Top Twenty Eats, Kuala Lumpur 2018

Top Twenty Eats Kuala Lumpur 2018

Many locals lament the quality of hawker food in Kuala Lumpur has deteriorated.
Like most things in life, the good stuff is right where you know how to find it.

~~~~~O~~~~~

To say farewell to 2017, Mysaucepan and I are spending some time with family and friends in Singapore and Kuala Lumpur.

There is so much good street food in these two cities but sometimes, the best place to start is right here at my parents’ home. This is because Ah Kum, my parents’ housekeeper of 28 years, is one of the best home cooks when it comes to hearty meals.

I shall kick off Top Twenty Eats Kuala Lumpur 2018 with Ah Kum’s wok tossed loh shee fun and cover some of our all time hawker favourites with a sprinkling of wagyu exuberance at a Japanese restaurant.

In writing this blog post, some of the food featured have been covered in my previous editions of Food Safari Kuala Lumpur, namely the series of 2013, 2014, 2015 and 2017). And the important point for doing so is two-fold:

Firstly, many locals complain that KL hawker food is no longer what it used to be. Quality has deteriorated as a result of hawkers hiring foreign workers coupled with rising costs of raw materials etc. This may be true as a general statement but I believe there are still a lot of good hawker fare in KL as long as you are skillful in finding it. This blog post proves that standard has been maintained for some of my all-time favourites.

Secondly, some friends and family members who live in KL recommend “new discoveries” of the same hawker fare in different parts of KL. For me, when I have discovered “one of the best” which has been tried and tested over time, any better, if at all, is only marginal and not worth my effort hunting it down, especially given the crazy traffic in KL. And trust me on this one…when food is this good, there is absolutely nothing wrong eating it multiple times during your trip to KL, or even multiples of the same dish on the same day!

Enough said, I made two trip to Kuala Lumpur in December 2017 and January 2018 and here are some of the highlights that Mysaucepan and I would recommend:

Top Twenty Eats, Kuala Lumpur 2018

  1. Ah Kum’s wok tossed loh shee fun
Ah Kum's wok tossed loh shee fun

Peerless – Ah Kum’s wok tossed loh shee fun

So good is Ah Kum’s wok tossed loh shee fun, it is difficult to find its peer in Kuala Lumpur. A close equivalent is the ubiquitous claypot loh shee fun with raw egg served in many local restaurants.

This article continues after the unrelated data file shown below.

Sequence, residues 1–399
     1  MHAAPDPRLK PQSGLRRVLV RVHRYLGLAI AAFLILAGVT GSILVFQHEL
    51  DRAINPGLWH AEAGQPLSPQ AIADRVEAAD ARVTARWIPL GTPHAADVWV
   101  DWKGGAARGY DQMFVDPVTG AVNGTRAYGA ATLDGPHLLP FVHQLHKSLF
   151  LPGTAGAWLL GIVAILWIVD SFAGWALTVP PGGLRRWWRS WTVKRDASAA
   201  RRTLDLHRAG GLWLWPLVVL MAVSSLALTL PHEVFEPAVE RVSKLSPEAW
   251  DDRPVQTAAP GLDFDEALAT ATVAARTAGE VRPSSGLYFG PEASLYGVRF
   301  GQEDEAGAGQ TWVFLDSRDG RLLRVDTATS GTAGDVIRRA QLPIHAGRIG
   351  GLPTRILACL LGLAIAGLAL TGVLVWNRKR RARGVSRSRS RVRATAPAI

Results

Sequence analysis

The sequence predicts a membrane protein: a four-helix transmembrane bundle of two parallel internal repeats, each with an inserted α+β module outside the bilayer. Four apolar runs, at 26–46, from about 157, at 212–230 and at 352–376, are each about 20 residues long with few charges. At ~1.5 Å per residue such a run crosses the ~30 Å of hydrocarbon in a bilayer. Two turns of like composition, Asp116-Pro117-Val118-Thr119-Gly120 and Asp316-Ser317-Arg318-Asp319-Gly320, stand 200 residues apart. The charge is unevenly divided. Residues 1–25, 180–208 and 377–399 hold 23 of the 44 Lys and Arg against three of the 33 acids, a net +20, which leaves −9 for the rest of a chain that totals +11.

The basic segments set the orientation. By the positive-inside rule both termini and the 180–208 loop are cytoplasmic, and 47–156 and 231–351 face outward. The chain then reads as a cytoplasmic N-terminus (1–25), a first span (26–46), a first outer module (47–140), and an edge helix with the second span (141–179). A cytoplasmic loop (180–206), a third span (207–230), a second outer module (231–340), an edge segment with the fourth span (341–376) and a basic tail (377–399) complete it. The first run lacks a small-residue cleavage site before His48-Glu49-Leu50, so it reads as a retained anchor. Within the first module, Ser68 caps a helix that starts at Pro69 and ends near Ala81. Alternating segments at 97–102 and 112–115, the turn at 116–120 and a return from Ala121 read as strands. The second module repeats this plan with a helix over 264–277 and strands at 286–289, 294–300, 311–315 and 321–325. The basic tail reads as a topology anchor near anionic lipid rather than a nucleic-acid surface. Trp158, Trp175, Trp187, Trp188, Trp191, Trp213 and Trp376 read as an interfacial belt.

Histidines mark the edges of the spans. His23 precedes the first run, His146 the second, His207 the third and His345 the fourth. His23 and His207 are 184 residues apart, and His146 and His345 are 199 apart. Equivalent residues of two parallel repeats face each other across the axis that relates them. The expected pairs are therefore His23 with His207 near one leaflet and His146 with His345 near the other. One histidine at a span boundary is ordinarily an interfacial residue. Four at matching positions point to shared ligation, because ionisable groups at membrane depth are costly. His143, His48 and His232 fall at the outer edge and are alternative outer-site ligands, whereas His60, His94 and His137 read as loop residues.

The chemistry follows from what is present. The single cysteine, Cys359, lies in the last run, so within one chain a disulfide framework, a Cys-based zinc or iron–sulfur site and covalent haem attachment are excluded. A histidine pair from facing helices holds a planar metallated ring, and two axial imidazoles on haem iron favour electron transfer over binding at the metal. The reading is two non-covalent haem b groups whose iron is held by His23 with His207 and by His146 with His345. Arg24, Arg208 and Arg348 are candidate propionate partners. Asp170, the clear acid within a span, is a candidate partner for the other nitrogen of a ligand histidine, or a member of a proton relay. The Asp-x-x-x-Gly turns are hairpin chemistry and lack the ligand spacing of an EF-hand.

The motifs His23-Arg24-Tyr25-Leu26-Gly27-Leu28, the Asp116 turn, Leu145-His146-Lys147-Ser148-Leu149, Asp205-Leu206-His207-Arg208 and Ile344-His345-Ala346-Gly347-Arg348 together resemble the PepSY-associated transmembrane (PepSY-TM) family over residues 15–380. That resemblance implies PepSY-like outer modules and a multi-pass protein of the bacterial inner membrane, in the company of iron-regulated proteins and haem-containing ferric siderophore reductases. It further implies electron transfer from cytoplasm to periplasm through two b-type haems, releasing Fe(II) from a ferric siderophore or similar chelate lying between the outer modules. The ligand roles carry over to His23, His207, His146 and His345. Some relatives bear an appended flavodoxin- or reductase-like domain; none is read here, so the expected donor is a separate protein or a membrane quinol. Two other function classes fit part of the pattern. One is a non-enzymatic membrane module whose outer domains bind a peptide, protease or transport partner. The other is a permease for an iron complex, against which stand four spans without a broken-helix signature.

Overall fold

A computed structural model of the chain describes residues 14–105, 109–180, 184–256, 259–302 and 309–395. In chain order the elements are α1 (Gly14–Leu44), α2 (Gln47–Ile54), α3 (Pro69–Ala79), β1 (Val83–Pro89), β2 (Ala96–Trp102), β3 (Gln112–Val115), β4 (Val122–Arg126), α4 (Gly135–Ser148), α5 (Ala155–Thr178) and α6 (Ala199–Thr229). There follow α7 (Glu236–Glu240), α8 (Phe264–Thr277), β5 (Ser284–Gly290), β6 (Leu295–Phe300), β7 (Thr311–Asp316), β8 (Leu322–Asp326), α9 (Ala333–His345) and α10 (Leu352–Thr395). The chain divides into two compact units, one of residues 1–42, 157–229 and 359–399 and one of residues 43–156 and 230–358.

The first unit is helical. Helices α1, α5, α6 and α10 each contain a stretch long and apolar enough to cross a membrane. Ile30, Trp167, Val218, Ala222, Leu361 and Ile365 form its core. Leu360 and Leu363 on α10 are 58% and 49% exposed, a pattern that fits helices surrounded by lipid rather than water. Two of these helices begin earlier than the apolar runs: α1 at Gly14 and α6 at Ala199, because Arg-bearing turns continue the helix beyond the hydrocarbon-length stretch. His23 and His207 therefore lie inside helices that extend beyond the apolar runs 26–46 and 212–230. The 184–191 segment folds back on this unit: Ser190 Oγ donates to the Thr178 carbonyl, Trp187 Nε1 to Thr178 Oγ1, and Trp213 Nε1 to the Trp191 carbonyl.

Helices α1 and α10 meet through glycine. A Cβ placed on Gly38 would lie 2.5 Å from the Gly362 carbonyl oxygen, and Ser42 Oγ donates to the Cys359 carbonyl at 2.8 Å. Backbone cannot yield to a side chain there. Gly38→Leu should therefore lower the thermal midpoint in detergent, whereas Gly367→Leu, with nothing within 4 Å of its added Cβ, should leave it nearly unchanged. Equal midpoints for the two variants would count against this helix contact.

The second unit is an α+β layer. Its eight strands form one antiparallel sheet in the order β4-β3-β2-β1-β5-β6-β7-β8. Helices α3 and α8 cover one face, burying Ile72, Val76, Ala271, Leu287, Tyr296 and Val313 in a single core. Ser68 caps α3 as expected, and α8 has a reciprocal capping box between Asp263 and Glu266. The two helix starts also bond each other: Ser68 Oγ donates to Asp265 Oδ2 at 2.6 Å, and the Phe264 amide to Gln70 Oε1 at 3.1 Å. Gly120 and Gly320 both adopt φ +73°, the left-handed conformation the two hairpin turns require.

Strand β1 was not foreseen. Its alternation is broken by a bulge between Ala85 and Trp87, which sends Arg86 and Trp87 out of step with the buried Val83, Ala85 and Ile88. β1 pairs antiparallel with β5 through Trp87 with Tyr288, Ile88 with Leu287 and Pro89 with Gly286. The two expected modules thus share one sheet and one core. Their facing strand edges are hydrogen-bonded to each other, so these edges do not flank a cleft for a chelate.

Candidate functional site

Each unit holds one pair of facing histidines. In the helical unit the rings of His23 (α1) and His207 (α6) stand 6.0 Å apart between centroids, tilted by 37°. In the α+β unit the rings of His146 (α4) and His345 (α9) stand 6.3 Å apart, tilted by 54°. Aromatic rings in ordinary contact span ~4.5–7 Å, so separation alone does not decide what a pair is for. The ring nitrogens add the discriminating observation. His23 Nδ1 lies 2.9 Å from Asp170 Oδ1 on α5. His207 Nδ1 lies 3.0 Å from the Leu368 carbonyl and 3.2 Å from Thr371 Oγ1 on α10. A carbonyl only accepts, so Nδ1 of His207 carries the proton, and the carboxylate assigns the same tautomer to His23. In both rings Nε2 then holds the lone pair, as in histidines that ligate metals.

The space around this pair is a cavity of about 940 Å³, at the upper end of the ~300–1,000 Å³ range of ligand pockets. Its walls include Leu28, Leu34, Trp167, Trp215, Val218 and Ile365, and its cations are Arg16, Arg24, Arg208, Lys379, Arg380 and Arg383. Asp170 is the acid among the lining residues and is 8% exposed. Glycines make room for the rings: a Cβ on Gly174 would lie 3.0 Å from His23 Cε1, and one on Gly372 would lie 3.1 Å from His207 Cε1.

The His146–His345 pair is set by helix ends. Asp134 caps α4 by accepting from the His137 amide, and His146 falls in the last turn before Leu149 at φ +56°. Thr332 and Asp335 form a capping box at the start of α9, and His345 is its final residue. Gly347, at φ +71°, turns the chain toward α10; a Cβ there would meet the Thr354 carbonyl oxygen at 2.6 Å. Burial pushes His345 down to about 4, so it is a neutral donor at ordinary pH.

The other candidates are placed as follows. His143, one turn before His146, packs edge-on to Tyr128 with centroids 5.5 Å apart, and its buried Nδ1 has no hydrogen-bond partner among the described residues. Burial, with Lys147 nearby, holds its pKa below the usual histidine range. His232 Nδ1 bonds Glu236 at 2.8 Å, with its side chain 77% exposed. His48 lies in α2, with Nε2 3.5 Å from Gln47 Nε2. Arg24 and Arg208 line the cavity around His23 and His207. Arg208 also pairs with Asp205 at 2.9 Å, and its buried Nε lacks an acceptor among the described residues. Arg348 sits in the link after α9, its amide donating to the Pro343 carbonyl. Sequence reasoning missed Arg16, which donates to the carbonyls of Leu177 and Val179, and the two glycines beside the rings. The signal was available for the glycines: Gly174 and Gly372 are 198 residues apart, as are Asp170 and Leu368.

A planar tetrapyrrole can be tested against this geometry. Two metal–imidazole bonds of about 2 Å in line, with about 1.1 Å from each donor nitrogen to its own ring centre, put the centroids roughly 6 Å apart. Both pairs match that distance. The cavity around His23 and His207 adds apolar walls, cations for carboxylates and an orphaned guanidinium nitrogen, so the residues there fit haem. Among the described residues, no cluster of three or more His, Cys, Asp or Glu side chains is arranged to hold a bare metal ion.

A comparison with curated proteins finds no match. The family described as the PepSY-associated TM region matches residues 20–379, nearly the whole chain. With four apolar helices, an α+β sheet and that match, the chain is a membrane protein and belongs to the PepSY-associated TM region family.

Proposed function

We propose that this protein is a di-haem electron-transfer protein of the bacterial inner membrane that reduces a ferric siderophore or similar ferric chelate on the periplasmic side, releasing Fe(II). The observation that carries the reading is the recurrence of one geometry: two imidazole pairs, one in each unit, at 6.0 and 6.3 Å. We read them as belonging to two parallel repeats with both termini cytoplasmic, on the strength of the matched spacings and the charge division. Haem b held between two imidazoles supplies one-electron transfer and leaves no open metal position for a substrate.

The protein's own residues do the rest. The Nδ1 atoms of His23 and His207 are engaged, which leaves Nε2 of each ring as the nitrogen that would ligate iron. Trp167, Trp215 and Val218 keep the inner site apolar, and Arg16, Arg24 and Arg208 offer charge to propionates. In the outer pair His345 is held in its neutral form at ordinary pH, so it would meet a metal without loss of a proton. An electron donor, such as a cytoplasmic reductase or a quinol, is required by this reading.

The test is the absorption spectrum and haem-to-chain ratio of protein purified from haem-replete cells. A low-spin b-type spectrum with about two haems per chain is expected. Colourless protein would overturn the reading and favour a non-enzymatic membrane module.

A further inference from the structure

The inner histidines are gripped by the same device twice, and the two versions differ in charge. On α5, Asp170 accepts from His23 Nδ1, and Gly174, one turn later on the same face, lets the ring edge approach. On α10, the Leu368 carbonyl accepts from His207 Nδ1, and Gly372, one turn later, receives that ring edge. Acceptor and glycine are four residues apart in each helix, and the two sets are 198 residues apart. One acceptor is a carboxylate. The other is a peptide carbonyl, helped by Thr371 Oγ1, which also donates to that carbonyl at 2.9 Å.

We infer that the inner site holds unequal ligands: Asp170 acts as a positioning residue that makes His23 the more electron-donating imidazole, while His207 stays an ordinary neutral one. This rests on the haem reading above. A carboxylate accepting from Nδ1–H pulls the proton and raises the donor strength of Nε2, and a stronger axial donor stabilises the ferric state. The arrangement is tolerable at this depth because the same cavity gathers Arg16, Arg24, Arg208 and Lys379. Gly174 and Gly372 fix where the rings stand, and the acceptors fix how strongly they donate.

At home, a large platter is usually the standard portion since there is always none left though my parents are generally not big eaters.

Ah Kum's wok tossed loh shee fun

Ah Kum’s wok tossed loh shee fun

Each strand of loh shee fun is firm and wok hei smoky with bits of har mai (dried shrimp), minced pork and crunchy beansprouts. One way to savour these noodles is to eat each slither of noodle one at a time.

Add a dollop of home made sambal belachan with a squeeze of fresh calamansi juice and each mouthful is a taste of heaven. Fortunately for me, this heaven can only be found at my parents’ home.

2. Ah Kum’s chicken congee

Ah Kum's chicken congee

Ah Kum’s chicken congee

Call it comfort food if you will but for me, a chicken congee cooked well is a truly delicious meal to savour, even on its own.

The consistency of Ah Kum’s chicken congee is neither too thick or watery, slowly simmered over a few hours in chicken stock. Add slivers of chicken thigh, julienne ginger, shallots and a few rings of crisp and crunchy youtiao, I take exception to eating this congee in KL’s stifling heat and humidity.

Local Malaysian coffee RM2.50 / A$0.80 cents

Local Malaysian coffee RM2.50 / A$0.80 cents

I am not a coffee drinker and don’t crave it at all.

But in Malaysia, having street food breakfast without the local blend of Malaysian coffee is like eating roast pork without its crunchy crackling.